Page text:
somo pretext ut the cottugo.
"Sho is kind to her invalid mother if
sin is an accomplished coquette," ho
mused, as ho wended hm way home
ward. "Sho is tho Bemico Melrose,
sure enough, for her mother called her
that ; and I wonder who Burnio is,
whom the old lady was wishing for?"
Now that Mr. Welton had begun tho
siego he kept it up in real earnest ; and
by-andby ho was uu almost daily visiter
at tho cottage.
"I'm half tempted lo fall in love with
her myself," ho thought ; "but it is too
bad for Gay, ho seemed so much in
earnest; yet it is butter for bim to have
his eyes opened before it is too late."
"What an agreeable person Mr. Estey
is I And he reminds me so much of
Guy," said Bernice, in contemplating
her admirer.
Nearly a month had elapsed before
Mr. Welton had matured the plans he
had laid to prove tho lmworthinesa of
Guy's affianced.
"I'll write Ler a proposal of marriage,
and Ler answer shall be the convincing
proof I will take to Guy. Ah, women
are fickle creatures ! ' he sighed, uh ho
sealed a note to Bernice.
It was with somo impatience that he
awaited Ler answer ; but be bad not
very long to wait, for soon it came ia a
dainty pale-bluo envelope, which bo
hastily opened and read :
Dear Mr. Ehtev: The avowal con
tained in your note surprises while it
pleases me, and if you love the under
signed as truly as you profess, she will
be only too happy to accept the honor
you have oflered Ler. Yours wholly,
"Beiisice Mklhose.
"P. S. I Lave an explanation to make
which 1 sincerely trust nil! not change
your regard for B. M."
"Well, well I WLat shall I do now ?
If Guy were not my only cLild I would
just drop tho matter where it is, for
knowing as I do the treachery of Ber
nice, I would give as much as Guy to
feel that she is honest. But I am cer
tain sho is older than Guy, and I should
make a more suitable husband for her.
But I won't marry any ono wbo would
deceive my boy ; so Bernice, you have
lost both of us."
Mr. Welton wroto to Guy, saying he
would leave for home next day, and
that he was sorry for him; he would ox
plain when be got home. He must call
and tell Bernice wLo ho was, and then
she would understand why Le went
Very beautiful was Bernice Melrose
wben she received Mr. Welton that
evening, and she didn't look like a de
ceitful perssn in her white dress 'and
violet ribbons. And wbo was the lovely
girl with her, who was tho exact coun
terpart of herself, only so much young
era child almost in years?
While Mr. Welton was conjecturing
as to the identity of the beautiful crea
ture with golden curls, Bernice said
"Mr. Estey, allow me to present to
ycu my daughter. Burnie, this is Mr.
Estey, about whom I have spoken to
"Your daughter? It -ally, I didn't
kuow you had a child; Imt allow mo to
congratulate yon." Aud M Welton
gazed in admiration at tho dainty girl
before him.
"I am Mrs. Bernice Melrose, and this
is Miss Bernice Melrose. When you
called me Miss Melrose, I thought it
would be amusing to have yon think I
was a young lady instead of n widow;
bnt had I dreamed of wbut I know now
I should have undeceived you before."
"Nothing you would do would dis
please me; and as I have deceived you,
we are quits. I am Guy Welton's father,
and when I gave you the wrong card
that day I thought I would enjoy a littlo
masquerado whilo getting acquainted
with Guy s friends."
"it mint have been a diamond cut
diamond affair, then," said Burnio, who
until now had boon a mute listener.
"And you are the very dear friend of
my sou? If you are willing to have me
for a father, Burnio, I am more than
pleased to have such a lovely girl for
my daughter."
"Aud now I must explain my letter
to Gay," soliloquizod Mr. Welton on
his way to his boarding bouse that even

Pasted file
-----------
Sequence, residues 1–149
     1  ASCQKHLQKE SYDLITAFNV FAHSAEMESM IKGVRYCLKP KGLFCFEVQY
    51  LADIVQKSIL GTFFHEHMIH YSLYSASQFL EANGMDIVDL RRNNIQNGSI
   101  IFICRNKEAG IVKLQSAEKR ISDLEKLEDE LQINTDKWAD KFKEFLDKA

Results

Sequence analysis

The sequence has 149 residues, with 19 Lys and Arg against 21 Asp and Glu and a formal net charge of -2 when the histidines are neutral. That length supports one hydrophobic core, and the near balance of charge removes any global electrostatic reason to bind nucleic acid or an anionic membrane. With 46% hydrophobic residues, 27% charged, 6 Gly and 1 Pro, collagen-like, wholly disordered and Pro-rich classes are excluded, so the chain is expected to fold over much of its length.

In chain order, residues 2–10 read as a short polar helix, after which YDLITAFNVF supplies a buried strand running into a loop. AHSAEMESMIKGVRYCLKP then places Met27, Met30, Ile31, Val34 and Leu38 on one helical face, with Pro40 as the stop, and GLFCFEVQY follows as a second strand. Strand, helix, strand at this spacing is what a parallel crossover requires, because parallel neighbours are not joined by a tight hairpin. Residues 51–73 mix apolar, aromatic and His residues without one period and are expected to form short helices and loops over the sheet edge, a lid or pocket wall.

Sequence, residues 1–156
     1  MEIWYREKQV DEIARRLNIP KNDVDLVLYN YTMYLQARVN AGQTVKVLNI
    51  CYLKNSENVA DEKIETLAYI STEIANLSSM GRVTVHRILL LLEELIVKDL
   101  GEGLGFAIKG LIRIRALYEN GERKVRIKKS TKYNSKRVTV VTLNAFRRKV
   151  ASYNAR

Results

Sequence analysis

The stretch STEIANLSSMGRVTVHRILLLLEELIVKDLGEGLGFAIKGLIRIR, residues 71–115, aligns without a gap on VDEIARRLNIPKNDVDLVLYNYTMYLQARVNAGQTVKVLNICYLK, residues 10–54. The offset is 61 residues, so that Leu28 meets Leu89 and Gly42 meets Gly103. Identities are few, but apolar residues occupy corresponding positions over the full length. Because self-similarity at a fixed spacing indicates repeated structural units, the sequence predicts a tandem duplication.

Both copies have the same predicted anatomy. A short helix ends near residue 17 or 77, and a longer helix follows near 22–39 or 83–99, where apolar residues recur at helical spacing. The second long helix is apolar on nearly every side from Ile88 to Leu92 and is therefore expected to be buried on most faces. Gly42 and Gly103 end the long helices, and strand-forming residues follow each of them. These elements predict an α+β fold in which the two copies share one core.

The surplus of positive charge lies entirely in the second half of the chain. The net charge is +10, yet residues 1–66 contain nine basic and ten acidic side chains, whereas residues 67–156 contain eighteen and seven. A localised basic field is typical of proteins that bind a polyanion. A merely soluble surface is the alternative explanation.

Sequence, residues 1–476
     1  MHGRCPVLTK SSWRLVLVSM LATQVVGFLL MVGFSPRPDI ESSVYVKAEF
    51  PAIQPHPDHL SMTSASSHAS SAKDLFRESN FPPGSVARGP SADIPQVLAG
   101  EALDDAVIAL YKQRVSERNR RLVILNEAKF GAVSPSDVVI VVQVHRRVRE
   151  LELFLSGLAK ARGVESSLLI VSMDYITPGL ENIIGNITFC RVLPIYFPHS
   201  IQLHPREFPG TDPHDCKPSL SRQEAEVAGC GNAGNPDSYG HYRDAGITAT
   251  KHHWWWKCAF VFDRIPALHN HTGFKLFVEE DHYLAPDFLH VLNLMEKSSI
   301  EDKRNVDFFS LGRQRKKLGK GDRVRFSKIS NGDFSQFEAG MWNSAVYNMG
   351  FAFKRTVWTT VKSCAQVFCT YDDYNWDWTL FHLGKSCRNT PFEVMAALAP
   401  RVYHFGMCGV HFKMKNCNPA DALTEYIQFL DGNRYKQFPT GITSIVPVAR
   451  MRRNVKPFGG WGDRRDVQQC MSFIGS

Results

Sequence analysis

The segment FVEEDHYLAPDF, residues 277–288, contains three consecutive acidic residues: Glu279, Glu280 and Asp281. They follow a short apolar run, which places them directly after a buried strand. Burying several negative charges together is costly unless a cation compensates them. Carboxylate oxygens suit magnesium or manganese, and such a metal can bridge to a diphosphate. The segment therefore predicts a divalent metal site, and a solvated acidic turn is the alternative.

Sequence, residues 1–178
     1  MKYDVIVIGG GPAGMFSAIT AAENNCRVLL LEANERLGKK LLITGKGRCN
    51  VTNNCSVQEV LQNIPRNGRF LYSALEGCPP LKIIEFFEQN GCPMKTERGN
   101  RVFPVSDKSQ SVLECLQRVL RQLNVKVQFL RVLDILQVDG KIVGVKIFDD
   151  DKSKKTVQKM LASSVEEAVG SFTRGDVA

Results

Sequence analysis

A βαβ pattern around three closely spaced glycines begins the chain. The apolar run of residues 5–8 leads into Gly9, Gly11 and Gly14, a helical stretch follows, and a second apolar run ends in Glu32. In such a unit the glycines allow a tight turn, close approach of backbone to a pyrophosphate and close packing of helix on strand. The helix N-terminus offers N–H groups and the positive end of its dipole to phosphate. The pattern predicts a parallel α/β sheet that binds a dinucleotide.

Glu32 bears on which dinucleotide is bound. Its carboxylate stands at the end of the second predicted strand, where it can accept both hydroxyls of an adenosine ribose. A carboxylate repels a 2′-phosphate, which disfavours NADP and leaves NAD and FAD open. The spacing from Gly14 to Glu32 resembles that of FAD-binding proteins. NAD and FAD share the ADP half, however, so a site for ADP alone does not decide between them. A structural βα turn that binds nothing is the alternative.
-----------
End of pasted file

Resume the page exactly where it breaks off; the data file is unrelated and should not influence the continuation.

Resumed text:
ing. "What a simpleton I was to doubt
my Bernice; but love and snnpiciou gc
hand iu hand."
Tbero was a sort of woiried air about
Guy next day when his father greoted
"Well, I suppose it is settled to your
satisfaction. Is sho what you expect j id?"
asked Guy, impatiently.
"Ahom! No, not precisely. You
see, Guy, you seo or rather tho plain
faets of the case aro, she is a great deal
moie thau I expected, and I am engaged
to her mother, and it all came about in
this way. I strnck a chance acquaint
ance with Bsrniea Mebose-vour lier-'
nice, I thought her aud kept up a live
ly flirtation until wo got engaged; then
she presented to mo tho sweetest gill in
Christendom as her daughter, Bemico
Melrose. Aud now, Guy, the houio is
yours that is, if you will take mo for a
father in-law." .
"I'm astonished! But to fall in lovo
with persons named Bjruioo Melrose
seems to be a family failing, so wo had
betti r shake bauds on the sul j-et."
'Say family blessing, rather," inter
posed Mr. Welto i.
"Farther gone than I ami" comment
ed Guy, sagely, whilo a hearty haml
shuke ended the vexing subject name
ly, Bernice Melroso. Waverly Maga
zine. GlAss-Malniiig.
Ii3t us now follow tho art of glass
staining through its chief stages. The
design of the window being determined
upon, and the cartoon or full-sized
drawing being prepared, a kind of
skeleton drawing his male, showing
only the lines which indicate the shape
of each separato piece of glass. It is
apparently not generally understood
that a window is not one piece of glass,
to wLich are applied the various colors
displayed, but a number of small pieces
which are united by grooved lead, which
incloses each individual fragment, and
that different color wo seo is tho color
of that particular piece cf glass, tho
only painting material used being the
daik brown pigment employed to detino
the mere delicate and minute details.
This skeleton, or working drawing, then
passes to the cutting-room, where sheets
of glass of every imaginable shapo aro
put in racks, each bearing a number by
which a particular tiut is known. Tho
draw ing being numbered on the separate
pieces of glass by means of a frame con
taining small pieces of every shade, and
t ii-.-h uuiubere.l accordingto the rack con
taining tho glass of that color, tho use
of this frame renders unnecessary the
tedious process of visiting each rack in
search of the particular shade required;
the glass is laid bit by bit on the draw
ing, and each piece is then cut to the
required shape by means of a diamond.
After the glass is cat it passes to the
painter, who, laying it over the drawing,
traces upon it with his brush all tho